This article, kindly supplied by Iain Wakeford, is a portion of an article first published in the Woking Advertiser in October 2014. All of Iain’s articles on Woking history can be found at www.wokinghistory.org.
When the Basingstoke Canal was being constructed in the late 1780’s, the contractor, John Pinkerton, was told that a ‘Mr Wildgoose of Horsell’ would know where the clay could be found to make the bricks for the locks and bridges.
Unfortunately nothing else is known of Mr Wildgoose, but it is possible that he may have been connected with the brick kiln more or less where the Winston Churchill School is today, marked on John Rocque’s map of Surrey in 1768.
Other kilns were certainly opened in the 1780’s and 90’s for the building of the canal, with the nearby bridge over the waterway being named ‘Kiln Bridge’ as a result.
In later years (between 1877 and 1889) the brickfields were taken over by the Jackman family (the nurserymen whose base was originally off Jackman’s Lane on St Johns Hill) with many local buildings in Victorian times using local bricks, before cheaper mass-produced ones were imported by rail from the Midlands.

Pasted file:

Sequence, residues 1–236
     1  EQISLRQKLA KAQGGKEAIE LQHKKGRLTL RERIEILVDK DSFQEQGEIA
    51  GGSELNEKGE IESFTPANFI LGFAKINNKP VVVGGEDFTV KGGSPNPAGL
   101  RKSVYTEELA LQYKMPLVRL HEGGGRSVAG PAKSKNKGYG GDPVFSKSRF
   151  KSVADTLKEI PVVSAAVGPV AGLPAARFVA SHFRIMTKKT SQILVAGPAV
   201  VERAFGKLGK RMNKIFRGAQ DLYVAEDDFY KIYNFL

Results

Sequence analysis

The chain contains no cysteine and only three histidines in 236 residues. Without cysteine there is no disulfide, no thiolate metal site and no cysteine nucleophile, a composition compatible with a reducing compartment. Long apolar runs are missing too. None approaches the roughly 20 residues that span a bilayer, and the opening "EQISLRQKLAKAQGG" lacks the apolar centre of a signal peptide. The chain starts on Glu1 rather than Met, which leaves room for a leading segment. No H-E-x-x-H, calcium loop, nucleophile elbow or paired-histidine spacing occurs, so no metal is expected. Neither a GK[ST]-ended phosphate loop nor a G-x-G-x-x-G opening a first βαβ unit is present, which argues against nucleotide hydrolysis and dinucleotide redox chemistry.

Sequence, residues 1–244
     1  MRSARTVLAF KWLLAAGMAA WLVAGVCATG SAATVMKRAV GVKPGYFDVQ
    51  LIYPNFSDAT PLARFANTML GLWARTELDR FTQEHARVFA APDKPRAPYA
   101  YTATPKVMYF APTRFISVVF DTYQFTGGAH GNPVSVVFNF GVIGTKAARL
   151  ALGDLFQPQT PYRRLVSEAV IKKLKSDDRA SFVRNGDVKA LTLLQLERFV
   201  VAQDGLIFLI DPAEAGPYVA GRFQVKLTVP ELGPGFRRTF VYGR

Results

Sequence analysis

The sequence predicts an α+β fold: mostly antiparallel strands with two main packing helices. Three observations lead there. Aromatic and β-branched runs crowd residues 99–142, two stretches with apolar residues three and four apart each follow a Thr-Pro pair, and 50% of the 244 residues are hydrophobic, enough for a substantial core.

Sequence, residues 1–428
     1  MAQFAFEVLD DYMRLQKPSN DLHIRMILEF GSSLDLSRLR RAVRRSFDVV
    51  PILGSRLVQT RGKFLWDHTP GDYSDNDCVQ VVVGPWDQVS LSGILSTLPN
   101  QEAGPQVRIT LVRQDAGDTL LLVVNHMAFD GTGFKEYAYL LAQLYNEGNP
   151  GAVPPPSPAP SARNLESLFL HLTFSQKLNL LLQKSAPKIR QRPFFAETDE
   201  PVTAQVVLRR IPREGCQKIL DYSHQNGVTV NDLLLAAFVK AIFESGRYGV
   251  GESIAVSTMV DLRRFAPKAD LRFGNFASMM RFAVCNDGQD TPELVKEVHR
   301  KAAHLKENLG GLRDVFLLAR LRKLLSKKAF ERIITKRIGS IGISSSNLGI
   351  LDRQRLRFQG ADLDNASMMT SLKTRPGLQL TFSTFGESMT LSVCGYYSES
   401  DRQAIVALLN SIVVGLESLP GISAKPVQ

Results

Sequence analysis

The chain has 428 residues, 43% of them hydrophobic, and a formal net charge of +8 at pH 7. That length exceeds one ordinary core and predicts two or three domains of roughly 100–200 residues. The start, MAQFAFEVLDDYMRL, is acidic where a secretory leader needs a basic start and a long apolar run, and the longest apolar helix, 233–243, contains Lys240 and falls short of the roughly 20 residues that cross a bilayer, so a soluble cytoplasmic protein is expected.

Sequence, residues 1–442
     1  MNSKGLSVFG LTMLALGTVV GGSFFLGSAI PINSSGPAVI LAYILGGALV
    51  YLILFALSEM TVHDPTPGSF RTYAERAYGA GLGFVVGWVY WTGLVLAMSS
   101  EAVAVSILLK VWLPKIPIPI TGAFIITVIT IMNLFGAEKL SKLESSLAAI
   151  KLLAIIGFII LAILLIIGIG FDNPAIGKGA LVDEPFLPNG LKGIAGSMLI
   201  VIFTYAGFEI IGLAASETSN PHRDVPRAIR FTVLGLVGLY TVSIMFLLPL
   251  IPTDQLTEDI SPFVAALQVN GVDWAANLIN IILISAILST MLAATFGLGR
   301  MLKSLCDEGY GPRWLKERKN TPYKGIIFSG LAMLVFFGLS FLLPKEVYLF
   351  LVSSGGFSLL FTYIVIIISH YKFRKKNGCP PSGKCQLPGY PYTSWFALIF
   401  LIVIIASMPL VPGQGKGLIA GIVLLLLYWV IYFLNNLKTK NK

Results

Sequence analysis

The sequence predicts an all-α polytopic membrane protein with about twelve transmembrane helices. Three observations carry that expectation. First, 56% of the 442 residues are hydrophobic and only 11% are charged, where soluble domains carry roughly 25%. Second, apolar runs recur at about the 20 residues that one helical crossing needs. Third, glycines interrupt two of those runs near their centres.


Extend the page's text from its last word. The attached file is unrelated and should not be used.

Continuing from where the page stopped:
According to the book Brookwood Remembered, bricks were delivered to Brookwood Station with a local carter called Alfred Fry charging 6d a cartload to deliver them to site – his daughter, Doris Harwood, recalled that ‘he knew how many bricks were in each house’!
There were brickyards too off Robin Hood Road, with Robin Hood Crescent being built on those that opened in the late 1850’s for the building of the Woking Invalid Convict Prison; the small industrial estate further along the road occupying another claypit that is thought to have been worked until the 1930’s. And off Anchor Hill were extensive brickworks run by the Cook Brothers, with the dip as you enter Hillside Close and the sudden drop as you come down Beechwood Road from Victoria Road, clearly showing where the original hillside has been cut away to reveal the thin layer of clay beneath the Bagshot Sand.
In the 1921 census there were twenty-one brick-makers listed in Woking (with many others working pits in Chobham), but with the depression in the building trade by the mid 1920’s, many of the local pits had closed with just one left in Woking where the Lansbury Estate is off the Lower Guildford Road. It finally closed in 1942, bringing to an end an industry that had evidently been going on in this area, albeit on a small scale, for centuries.
All images are courtesy of Iain Wakeford (wokinghistory.org). Iain’s Woking Advertiser articles, and others can be found on www.wokinghistory.org